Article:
Vitamin B12 Capsules

 

Vitamin B12 Capsules

Vitamin B12 capsules: the best active ingredients, the right dosage and controversial additives. Vitamin B12 capsules are often very pure and vegan friendly.

Vitamin B12 Capsules – High Purity

Contents

  • Which active ingredients should you choose in vitamin B12 capsules?
  • What is the correct dosage?
  • Which additives should be avoided?
  • Are vitamin B12 capsules vegan?

Capsules are one of the most popular forms of vitamin B12 supplements alongside pills and injections. Their main advantage is their high purity; in contrast to pills, capsules are produced with almost no additives and most contain only the active ingredient and plant-based cellulose. Most vitamin B12 capsules are vegan, which is why they are very popular with vegetarians and vegan in particular.  

What is more, the effectiveness of oral supplements is very well documented and can replace the need for treatment with injections, in many cases (1). Capsules are thus the option of choice for all people who wish to take vitamin B12 supplements with only the pure active B12 and want to avoid the superfluous and controversial flavourings and colourings that are found frequently in vitamin B12 pills/lozenges.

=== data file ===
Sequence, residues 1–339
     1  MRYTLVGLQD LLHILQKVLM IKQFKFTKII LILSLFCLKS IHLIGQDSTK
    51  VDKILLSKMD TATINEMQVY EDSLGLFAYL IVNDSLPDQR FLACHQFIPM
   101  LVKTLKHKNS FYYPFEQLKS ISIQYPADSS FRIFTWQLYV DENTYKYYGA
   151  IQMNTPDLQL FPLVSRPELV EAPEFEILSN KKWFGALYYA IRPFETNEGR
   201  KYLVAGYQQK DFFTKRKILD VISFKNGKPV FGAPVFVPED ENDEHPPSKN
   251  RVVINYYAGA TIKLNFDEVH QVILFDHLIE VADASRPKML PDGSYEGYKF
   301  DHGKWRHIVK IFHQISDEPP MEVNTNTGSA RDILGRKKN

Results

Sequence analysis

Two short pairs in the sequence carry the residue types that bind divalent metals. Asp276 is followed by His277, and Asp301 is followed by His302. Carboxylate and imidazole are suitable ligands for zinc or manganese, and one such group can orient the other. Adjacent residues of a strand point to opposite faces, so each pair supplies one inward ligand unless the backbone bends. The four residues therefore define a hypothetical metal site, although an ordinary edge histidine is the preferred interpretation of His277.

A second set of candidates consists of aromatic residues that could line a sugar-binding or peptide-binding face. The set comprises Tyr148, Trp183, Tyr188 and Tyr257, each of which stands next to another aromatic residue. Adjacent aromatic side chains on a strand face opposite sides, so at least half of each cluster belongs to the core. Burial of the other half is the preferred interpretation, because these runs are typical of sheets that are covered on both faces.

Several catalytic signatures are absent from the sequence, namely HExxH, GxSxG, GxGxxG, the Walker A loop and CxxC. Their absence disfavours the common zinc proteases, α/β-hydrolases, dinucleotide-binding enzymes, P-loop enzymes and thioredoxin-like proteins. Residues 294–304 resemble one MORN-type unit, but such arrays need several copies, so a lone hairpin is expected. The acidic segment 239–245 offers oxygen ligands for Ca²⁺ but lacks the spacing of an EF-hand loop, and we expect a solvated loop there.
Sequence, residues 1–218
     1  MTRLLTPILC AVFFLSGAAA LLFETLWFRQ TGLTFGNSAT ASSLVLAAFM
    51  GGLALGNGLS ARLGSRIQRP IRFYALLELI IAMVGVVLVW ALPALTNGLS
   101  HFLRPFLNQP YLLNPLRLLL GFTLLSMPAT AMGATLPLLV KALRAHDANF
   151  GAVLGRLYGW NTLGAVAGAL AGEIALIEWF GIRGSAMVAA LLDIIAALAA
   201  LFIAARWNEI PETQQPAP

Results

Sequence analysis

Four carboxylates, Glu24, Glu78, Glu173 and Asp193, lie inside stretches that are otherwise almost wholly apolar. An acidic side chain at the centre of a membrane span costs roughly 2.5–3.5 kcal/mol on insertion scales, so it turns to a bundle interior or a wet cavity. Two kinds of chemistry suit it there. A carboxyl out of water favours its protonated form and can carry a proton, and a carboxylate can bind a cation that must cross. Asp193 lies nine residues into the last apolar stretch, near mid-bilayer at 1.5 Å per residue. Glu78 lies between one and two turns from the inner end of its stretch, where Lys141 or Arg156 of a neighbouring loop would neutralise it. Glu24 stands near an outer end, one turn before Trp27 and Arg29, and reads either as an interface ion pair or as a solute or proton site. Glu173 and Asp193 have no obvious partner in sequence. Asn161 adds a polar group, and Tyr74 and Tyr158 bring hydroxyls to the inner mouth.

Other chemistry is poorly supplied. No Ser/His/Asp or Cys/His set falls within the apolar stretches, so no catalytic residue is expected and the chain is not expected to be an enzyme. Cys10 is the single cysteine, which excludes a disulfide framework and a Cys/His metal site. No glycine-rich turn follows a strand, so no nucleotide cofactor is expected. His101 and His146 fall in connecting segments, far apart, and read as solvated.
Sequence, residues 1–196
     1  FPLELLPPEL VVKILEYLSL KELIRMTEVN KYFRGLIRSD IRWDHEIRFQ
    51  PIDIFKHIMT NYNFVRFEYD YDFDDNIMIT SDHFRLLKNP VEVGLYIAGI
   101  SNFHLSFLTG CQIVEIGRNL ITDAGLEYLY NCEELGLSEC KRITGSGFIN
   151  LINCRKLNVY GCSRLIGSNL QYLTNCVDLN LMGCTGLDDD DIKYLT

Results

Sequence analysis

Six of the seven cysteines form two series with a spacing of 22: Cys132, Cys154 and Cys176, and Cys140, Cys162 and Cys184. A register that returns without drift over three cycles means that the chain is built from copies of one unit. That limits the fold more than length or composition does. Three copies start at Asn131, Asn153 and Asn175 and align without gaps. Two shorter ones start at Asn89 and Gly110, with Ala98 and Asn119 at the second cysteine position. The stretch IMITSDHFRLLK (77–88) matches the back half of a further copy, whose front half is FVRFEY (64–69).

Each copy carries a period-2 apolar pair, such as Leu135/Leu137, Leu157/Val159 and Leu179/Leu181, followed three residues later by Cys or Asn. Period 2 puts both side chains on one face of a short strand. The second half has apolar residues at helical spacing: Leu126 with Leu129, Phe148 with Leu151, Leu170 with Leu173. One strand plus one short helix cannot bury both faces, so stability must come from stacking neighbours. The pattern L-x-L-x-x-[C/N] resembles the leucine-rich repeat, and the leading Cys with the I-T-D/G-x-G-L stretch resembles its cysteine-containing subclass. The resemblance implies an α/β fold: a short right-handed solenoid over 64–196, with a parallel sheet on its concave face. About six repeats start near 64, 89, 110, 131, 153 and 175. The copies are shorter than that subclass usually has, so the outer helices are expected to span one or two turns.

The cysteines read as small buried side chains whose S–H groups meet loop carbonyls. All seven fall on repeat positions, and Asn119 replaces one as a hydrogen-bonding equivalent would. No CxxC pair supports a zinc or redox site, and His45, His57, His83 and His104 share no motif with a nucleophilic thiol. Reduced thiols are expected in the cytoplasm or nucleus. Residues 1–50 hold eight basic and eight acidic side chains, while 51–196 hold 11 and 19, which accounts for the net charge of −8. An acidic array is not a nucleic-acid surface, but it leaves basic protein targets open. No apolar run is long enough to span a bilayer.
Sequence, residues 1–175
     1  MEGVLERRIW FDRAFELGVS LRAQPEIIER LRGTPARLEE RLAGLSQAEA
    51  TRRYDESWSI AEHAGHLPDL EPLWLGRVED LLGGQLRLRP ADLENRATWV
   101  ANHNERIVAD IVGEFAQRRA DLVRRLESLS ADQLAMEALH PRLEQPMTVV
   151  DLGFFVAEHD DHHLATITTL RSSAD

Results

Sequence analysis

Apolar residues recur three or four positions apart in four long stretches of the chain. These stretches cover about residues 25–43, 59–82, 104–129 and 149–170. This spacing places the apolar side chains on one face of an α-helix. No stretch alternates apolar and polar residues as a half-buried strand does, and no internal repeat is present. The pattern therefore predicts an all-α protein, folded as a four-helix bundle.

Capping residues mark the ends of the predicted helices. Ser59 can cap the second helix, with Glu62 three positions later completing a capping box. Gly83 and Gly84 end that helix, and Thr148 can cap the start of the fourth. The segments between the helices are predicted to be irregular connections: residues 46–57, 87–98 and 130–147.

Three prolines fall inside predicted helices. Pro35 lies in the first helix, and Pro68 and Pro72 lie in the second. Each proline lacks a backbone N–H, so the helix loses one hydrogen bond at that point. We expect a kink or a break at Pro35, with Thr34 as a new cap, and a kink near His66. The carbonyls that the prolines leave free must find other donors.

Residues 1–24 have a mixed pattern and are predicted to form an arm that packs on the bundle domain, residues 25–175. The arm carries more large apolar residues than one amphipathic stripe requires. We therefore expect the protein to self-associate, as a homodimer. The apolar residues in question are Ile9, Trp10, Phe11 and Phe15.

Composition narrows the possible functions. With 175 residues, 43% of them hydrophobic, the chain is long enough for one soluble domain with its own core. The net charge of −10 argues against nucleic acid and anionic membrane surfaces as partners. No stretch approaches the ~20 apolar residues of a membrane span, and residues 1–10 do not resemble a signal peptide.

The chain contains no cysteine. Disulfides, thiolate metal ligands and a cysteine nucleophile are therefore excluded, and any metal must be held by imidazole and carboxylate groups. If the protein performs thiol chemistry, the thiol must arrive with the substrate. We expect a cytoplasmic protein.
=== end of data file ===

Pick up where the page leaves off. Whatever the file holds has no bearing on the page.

Active Ingredients

As with all supplements, various types of capsules are available containing different vitamin B12 active ingredients. Nonetheless, there are four main options, summarised in the table below. 

Cyanocobalamin

An artificial form of vitamin B12, which almost never occurs naturally in the body. It cannot be used directly by the body, but must first be converted into another form. Very stable and easy to produce

In the body, it is transformed into one of the natural B12 forms plus cyanide. It is therefore not suitable for smokers. If detoxification is required, another ingredient should be chosen. There are many metabolic steps required in the body to convert cyanocobalamin into usable B12

Cheaper and older ingredient, therefore very well researched. Suitable for covering the daily requirement in healthy people. Not suitable for smokers. Should not be used for detoxification

Methylcobalamin

Coenzyme B12. Bio-identical form of B12, as it circulates in the body. Can be utilised without conversion. Somewhat unstable

Good bioavailability, therefore common in supplements. Often used for detoxification 

Relatively expensive. Suitable for all applications

Adenosylcobalamin

Coenzyme B12. Bio-identical form of B12, as it occurs in the body’s stores and the mitochondria. Can be directly used without conversion. Somewhat unstable

Good bioavailability, but much rarer than methylcobalamin, since it is harder to produce

Relatively expensive. Recommended for all applications

Hydroxocobalamin
(also known as hydroxycoblamin)

Form of vitamin B12 as it is found in many foods. Can be utilised very well, although not directly. Very stabile

Easy to use, very good depot effect. Administered for detoxification